Nearing the end of our hospital stay we were watching CNN. This was early January 2020 and not more than a few days earlier we were celebrating the new year with my partner’s parents and brother while my daughter slept on her mother’s chest. But it was hard to be joyful, or optimistic, when witnessing people being forcefully quarantined into their homes in Wuhan, China. Change was happening and, even thousands of miles away, it seemed like uncertain times were upon us. It was frightening to say the least but, optimistic to a fault, I thought that whatever was happening in Wuhan would not come to Coos County in Oregon…

Well to say I am wrong is about like saying the surface of the sun is a bit warm. I expected life to change when I became a father. Maybe I will get less sleep, cut back on my gaming time, and be prepared to listen to some catchy kid songs if come to learn to enjoy (hopefully). But what I ended up with was a world where millions would die from a virus that spread globally within months. It was NOT what I wanted for my daughter.

During the Covid-19 pandemic many people experienced changes that radically altered their perceived future, their careers, their financial stability, and dashed away many hopes and dreams. While I cannot say that I had the worst of it by any stretch, before our daughter finally received her Covid-19 vaccine we had moved towns, I lost my job as a sole supporter to my family, began counseling services, and experienced the frustration of seeing my daughter grow up in a world in which my partner and I had to restrict seeing family and friends to ensure the health of our daughter. I understand I am not unique or alone in those situations but there was not exactly a handbook for this.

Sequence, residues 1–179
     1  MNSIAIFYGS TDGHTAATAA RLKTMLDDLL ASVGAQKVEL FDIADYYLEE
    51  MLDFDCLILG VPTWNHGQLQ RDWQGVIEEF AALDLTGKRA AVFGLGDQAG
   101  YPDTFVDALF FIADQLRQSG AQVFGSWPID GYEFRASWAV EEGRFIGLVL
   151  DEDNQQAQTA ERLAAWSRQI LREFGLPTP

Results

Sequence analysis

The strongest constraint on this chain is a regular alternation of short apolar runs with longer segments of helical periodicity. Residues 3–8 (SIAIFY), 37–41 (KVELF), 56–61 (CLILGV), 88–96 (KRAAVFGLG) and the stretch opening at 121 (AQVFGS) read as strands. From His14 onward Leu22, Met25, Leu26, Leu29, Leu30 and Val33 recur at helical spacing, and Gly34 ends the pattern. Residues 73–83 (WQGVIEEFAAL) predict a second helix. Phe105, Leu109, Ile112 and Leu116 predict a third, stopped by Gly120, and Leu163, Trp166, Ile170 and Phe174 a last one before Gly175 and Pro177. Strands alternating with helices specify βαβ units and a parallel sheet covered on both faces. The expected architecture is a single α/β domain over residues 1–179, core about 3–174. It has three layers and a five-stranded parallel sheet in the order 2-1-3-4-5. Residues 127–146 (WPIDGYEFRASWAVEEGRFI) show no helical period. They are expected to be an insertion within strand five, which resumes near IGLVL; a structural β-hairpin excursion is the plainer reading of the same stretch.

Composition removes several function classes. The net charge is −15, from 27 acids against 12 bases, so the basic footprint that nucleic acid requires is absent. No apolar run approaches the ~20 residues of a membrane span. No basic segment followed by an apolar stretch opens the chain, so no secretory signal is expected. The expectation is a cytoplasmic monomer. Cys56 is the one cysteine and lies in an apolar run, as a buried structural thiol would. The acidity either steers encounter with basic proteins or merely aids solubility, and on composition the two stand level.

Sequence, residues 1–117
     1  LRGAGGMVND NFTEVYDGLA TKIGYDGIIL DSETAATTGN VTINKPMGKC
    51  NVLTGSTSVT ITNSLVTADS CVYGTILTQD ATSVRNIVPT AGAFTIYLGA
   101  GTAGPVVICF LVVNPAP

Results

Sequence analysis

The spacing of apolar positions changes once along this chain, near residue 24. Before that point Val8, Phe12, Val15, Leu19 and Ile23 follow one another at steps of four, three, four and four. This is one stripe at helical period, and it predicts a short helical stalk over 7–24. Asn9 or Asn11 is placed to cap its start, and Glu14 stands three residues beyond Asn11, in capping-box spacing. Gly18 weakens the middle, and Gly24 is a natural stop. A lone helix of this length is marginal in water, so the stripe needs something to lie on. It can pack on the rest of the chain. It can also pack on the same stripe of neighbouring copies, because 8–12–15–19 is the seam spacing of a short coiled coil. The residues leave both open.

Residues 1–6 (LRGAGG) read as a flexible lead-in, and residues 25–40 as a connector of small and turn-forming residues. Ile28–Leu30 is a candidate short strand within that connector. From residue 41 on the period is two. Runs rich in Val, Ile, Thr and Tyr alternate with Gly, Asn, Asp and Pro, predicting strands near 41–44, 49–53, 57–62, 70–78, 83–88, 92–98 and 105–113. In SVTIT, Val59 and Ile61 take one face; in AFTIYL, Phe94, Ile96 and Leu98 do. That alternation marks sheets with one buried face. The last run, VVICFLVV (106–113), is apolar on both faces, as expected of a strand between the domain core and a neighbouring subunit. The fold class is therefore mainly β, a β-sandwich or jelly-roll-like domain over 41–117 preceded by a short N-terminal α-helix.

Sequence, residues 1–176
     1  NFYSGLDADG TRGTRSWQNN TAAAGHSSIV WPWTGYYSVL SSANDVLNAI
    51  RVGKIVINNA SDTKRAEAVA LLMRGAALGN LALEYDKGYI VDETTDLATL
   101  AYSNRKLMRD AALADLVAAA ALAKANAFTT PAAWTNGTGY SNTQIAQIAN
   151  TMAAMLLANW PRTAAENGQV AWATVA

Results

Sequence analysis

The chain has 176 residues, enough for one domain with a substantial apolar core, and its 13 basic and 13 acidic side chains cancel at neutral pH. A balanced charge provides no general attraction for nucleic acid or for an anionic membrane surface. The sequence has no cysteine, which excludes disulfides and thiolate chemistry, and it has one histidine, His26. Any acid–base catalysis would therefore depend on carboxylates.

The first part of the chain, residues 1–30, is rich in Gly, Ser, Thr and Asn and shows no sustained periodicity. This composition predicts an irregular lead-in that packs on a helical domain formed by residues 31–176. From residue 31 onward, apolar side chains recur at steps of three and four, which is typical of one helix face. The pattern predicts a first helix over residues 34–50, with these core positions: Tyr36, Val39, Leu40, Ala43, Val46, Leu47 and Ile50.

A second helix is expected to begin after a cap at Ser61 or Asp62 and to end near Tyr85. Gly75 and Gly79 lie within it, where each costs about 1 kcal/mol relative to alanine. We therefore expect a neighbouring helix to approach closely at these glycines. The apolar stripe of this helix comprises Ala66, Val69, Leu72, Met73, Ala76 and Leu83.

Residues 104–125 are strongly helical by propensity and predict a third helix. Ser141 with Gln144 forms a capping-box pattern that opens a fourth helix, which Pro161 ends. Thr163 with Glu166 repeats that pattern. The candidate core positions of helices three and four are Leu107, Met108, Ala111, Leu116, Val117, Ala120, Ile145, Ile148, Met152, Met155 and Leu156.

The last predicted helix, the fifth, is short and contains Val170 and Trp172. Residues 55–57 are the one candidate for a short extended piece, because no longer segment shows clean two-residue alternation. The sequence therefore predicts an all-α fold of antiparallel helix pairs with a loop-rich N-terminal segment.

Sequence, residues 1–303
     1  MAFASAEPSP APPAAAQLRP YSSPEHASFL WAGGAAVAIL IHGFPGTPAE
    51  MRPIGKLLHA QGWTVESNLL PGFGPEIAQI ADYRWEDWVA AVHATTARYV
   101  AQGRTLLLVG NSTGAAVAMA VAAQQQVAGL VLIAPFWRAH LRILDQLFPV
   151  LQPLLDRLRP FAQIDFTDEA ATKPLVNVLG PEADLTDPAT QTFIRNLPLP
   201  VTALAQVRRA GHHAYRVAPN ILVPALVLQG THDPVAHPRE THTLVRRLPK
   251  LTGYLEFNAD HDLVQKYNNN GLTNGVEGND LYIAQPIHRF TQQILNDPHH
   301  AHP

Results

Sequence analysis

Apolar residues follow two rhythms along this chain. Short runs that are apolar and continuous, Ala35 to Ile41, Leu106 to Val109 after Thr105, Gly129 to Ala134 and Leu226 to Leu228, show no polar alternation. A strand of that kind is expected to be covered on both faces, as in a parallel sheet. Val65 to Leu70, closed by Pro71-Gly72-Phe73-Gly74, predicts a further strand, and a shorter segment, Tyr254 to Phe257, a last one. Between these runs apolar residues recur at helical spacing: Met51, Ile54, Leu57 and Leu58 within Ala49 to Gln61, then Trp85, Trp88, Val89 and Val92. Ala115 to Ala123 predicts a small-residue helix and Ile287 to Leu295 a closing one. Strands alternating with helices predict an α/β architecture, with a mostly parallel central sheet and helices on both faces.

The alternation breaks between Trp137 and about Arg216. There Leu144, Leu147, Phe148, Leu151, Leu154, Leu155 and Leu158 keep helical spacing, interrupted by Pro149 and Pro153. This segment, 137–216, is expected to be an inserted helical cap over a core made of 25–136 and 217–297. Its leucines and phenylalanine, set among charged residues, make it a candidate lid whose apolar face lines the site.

There were many parts of the pandemic that actually provided me with what I would never have dreamed of having before. I have worked completely remotely since my daughter was born, and if I can help it at all I will try in all of my power to keep it that way. The chance to be home with my family during the day was such an amazing experience. It has not been easy, especially when I was doing direct practice for a while, but my current job in a whole new field has been both challenging and rewarding. That change HAS been a silver lining from the changes caused by Covid-19.

Change is the only constant in this world. While I knew that well before Covid, perhaps it had shown me just how easy it is for society to radically change. So, as Socrates said, perhaps it is best to stop fighting the old and to instead pursue what I DO want for my future. The pandemic has shown me I want to be the best father I can, the best partner I can, and to be brave enough to fall. But more importantly the bravery to get up after falling. It hit me hard, really hard, when I lost my job. I went to school for that job, and it felt like sand slipping through my hand and floating in the wind while I was frozen in fear…